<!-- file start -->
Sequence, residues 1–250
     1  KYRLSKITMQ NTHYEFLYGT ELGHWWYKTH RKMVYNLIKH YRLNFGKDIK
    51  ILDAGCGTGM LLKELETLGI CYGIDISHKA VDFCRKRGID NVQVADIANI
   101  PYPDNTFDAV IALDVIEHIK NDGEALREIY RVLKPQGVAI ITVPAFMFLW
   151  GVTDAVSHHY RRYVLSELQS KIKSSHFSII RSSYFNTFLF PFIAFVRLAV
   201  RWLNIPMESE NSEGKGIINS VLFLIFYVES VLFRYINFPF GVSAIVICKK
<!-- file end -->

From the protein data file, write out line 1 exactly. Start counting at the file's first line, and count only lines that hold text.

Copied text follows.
Sequence, residues 1–250